Today, teachers need to unpack “this” and unbundle “that” . . . they must Professional-Learning-Community “this” and Response-to-Intervention “that,” in order to receive praise from their bosses.  There’s really nothing wrong with these expectations, by and large, yet something begins to derail a bit with universal edict. 
Mike Schmoker’s (2011) approach is more my style, encouraging folks as the title of his book says, to Focus: Elevating the Essentials to Radically Improve Student Learning.  In the spirit of focusing on what’s important, I’d like to put in a pitch for an icon once considered “the baby” of good teaching, hence seemingly discarded with “the bathwater” of those who have demonstrated not-so-good teaching.
            That baby – The traditionalist-master:  The teacher who comes to class every day and after greeting students individually at the door, sits down and asks them to open their textbooks to page “such and such.”
The teacher who holds court from behind a desk, with a confident persona that far surpasses the squeakiness of many who break a sweat in their Bobbleheading, running around here and there, while working twice as hard as the students.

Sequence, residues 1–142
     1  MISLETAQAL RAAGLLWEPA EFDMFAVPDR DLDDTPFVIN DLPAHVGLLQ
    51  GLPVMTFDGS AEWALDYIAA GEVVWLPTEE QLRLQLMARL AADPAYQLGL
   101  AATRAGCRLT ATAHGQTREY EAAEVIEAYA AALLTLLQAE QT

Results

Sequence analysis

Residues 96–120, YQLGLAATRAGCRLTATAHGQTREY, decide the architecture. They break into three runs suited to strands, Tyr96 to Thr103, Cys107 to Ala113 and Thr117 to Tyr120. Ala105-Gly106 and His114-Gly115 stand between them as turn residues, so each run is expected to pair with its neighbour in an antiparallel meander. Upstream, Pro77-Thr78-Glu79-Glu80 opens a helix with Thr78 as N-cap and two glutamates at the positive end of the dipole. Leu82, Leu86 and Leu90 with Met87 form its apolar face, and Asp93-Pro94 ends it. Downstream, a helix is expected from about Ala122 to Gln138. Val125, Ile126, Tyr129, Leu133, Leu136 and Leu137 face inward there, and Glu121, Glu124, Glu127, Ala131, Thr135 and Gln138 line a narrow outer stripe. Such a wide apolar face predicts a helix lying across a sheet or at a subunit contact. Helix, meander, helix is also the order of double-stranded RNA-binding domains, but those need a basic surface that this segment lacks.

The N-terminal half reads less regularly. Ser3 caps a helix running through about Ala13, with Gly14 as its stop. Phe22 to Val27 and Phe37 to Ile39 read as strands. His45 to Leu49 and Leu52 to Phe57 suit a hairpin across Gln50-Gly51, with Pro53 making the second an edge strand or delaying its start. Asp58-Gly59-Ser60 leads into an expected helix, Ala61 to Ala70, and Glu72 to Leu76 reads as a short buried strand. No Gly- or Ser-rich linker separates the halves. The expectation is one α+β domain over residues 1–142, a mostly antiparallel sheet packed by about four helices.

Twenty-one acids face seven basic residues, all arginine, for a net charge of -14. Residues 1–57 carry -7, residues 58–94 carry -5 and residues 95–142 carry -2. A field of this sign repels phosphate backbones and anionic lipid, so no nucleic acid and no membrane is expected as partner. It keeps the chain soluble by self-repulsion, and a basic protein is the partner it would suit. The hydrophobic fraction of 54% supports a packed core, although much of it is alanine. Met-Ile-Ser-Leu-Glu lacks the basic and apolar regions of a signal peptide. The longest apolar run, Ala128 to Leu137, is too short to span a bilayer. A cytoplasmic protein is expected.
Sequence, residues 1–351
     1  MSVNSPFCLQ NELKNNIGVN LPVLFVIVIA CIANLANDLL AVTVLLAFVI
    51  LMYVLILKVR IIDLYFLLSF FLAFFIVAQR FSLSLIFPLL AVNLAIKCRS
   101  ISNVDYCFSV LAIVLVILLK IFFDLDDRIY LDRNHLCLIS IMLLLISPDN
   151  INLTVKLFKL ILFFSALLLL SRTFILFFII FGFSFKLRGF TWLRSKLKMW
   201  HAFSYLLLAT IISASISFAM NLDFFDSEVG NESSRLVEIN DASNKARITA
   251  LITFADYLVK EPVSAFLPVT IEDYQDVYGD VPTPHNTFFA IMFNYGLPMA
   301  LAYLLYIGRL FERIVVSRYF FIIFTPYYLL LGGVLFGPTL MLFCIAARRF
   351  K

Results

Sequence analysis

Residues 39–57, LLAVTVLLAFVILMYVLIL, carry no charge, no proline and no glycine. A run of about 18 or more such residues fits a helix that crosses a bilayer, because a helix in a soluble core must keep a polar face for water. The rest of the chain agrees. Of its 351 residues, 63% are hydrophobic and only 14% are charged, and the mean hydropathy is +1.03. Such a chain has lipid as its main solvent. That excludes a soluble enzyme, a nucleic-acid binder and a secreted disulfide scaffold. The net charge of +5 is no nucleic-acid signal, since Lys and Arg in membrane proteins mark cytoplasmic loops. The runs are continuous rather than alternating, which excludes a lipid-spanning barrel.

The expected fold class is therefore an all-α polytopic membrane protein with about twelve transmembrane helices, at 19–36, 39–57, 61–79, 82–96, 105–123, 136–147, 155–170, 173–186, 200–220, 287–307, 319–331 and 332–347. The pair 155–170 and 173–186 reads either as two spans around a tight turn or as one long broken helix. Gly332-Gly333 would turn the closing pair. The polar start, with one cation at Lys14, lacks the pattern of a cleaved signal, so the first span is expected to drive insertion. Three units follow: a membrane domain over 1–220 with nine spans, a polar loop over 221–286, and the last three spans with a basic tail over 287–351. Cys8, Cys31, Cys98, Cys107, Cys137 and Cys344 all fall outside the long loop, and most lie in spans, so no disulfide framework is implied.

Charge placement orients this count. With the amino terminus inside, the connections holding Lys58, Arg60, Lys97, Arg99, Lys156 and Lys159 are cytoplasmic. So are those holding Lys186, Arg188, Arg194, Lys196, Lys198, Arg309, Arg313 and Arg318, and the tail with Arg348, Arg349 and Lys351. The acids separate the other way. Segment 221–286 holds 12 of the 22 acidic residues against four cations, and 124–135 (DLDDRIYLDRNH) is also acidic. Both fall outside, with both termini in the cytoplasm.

The teacher who offers some tried and true bells and whistles for students who will need skills at navigating textbooks.  I have a nephew who took a firefighters’ certification exam recently, who had to study over the holidays from a book that appeared three inches thick.
The teacher who sits and talks, looks and listens, checks for understanding [yes, from behind the desk], and commands a presence so that all know what is expected of them, and all rise to the occasion.

            It’s precisely this teacher, the traditionalist-master, whose room feels predictably comfortable for students – like a learners’ living room, a public-school/paver-stone patio, a curricular café, or even a scholastic support-group lounge – where the comforts of casual conversation and mutual dignity allow for a pressure release. The traditionalist-master’s classroom is a place where permission is given to be oneself, and to learn.  It is a place where as a student, everybody knows your name, especially the teacher, where cliques don’t exist (because the teacher won’t tolerate them), and where predictability of regimented routine is a welcome respite from the unpredictability of childhood or adolescence.